GRE Argument Essay 109
The following is a memo from the superintendent of the Mylar school district.
“A recent six-month study, in which breakfast was made available at school for 100 schoolchildren ages five to twelve, found that children on the breakfast plan were less likely than other children to be absent from or late for school. Clearly, eating breakfast before school plays a role in reducing student absenteeism and tardiness. It is also well known that children who regularly eat a healthful breakfast tend to perform better in school. Therefore, in order to reduce absenteeism and tardiness and to improve academic performance in all of Mylar’s elementary and secondary schools, we should provide breakfasts for all students before each school day.”
The superintendent of the Mylar school district recommends that breakfast should be provided to students in all schools in order to reduce absenteeism and tardiness as well as improve the overall academic performance of the students. The superintendent supports his recommendation by citing the results of a recent six-month study on 100 students in the age group of 5 to 12 years. The results have shown that students who were provided breakfasts at school were less likely to be absent or tardy as compared to the other students. Furthermore, the superintendent supports his recommendation by utilizing the fact that regularly eating healthy breakfasts improves academic performance. Nevertheless, a close scrutiny of the argument reveals many fallacies that render the argument unconvincing.
The argument relies heavily on the results of the six-month study, which in itself is questionable. Firstly, since the study was conducted only on 100 students, it would be unfair to assume that the results of this study would hold true for all the school students in the district because of the different family backgrounds and attitude of the students across the district. It is possible that these 100 students were from poor families and the prospect of getting breakfasts at school made them reach school well in time. On the other hand, it is likely that the students who were a part of this study were disciplined students who were tardy and regular before the study as well. Therefore, providing them with breakfast would not have changed their tardiness and absenteeism at all. The results of the study could have been substantiated to an extent if the arguer had included information about the students’ behaviors prior to the conduct of the study. A comparison between their behaviors when they were not provided breakfasts at school with those after they were regularly eating daily breakfasts could have made the results of the study convincing enough.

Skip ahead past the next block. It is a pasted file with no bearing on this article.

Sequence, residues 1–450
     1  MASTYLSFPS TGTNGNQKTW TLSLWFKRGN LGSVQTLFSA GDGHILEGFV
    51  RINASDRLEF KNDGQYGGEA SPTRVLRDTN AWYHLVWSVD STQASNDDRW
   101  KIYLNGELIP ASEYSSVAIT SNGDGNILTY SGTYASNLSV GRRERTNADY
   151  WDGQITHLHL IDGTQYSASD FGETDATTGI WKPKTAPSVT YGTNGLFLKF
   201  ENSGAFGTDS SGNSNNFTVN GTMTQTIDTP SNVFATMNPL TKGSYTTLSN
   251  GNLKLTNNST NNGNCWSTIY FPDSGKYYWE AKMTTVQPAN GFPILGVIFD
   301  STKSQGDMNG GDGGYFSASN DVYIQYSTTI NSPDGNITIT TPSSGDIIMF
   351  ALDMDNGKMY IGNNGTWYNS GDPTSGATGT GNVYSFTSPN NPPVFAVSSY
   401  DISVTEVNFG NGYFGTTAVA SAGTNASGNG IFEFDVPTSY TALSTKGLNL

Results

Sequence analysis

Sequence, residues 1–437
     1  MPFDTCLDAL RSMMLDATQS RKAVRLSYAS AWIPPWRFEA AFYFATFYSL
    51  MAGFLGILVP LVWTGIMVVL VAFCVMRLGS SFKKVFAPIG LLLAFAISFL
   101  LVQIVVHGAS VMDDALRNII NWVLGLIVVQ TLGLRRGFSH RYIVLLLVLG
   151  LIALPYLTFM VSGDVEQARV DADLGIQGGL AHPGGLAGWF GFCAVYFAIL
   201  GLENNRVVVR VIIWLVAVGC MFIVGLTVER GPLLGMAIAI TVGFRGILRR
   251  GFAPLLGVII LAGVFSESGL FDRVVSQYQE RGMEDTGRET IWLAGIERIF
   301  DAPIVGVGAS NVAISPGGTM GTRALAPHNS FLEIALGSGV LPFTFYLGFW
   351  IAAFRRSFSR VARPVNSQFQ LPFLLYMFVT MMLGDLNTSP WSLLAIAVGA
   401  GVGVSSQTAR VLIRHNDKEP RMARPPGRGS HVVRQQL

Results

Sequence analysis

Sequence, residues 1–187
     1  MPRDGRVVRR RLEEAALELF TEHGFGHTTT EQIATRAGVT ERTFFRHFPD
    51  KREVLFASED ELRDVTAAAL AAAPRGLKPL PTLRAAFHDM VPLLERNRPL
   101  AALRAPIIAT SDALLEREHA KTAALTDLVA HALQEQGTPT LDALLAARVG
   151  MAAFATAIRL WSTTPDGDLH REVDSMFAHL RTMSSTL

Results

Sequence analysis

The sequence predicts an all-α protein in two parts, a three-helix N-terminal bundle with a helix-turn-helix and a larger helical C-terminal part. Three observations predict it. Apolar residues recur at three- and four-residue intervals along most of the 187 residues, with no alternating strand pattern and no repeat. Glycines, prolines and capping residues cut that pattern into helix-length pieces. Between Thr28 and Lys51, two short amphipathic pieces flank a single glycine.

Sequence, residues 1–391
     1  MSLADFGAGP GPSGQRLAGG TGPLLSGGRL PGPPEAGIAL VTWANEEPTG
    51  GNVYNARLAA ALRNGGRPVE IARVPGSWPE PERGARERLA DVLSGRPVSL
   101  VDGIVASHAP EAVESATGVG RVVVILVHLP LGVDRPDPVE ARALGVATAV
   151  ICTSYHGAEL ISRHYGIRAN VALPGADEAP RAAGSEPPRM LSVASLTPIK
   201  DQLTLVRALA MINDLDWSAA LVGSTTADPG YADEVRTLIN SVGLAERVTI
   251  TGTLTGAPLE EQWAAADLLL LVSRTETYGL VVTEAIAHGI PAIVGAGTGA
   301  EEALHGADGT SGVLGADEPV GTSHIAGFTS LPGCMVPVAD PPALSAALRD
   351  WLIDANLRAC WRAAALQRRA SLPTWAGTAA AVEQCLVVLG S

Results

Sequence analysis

The arguer mentions that the study was carried out on students in the age group of 5 to 12 years, but he does not provide the breakdown of the students with respect to their ages. It is likely that a majority of the students participating in the study were less than 8 years of age who have not yet formed their likes and dislikes with respect to the food being eaten. Older children may object to certain types of food and they may be more selective in eating what is being served. Therefore, it is likely that the older students in the study did not even eat what was being served to them, thereby rendering the results unsuitable for effective implementation across the district.
The arguer assumes that all the schools would provide healthy breakfasts to the students leading to improved academic performance. However, the argument makes no reference to the steps that have been taken to ensure that the school children will be served healthy breakfast. Hence, the fact that children who regularly eat a healthful breakfast tend to perform better in school, lends no support to the recommendation made by the arguer.
The argument could have been rendered convincing to an extent if the arguer had provided evidence which proved that the 100 students who participated in the study actually attended school regularly and were punctual because of the breakfasts that were provided to them. Additionally, there is a requirement of proving that the students will be provided healthy breakfasts so that they are actually able to do well academically. In conclusion, the recommendation made is specious in view of the inadequate evidence provided in its support.